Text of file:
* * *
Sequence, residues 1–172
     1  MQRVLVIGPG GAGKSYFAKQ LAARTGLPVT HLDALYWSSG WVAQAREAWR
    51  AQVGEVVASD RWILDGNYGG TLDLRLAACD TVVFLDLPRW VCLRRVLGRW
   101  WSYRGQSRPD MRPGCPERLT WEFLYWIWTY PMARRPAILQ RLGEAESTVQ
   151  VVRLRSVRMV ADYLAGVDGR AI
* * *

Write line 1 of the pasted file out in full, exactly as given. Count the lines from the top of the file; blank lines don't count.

Sequence, residues 1–172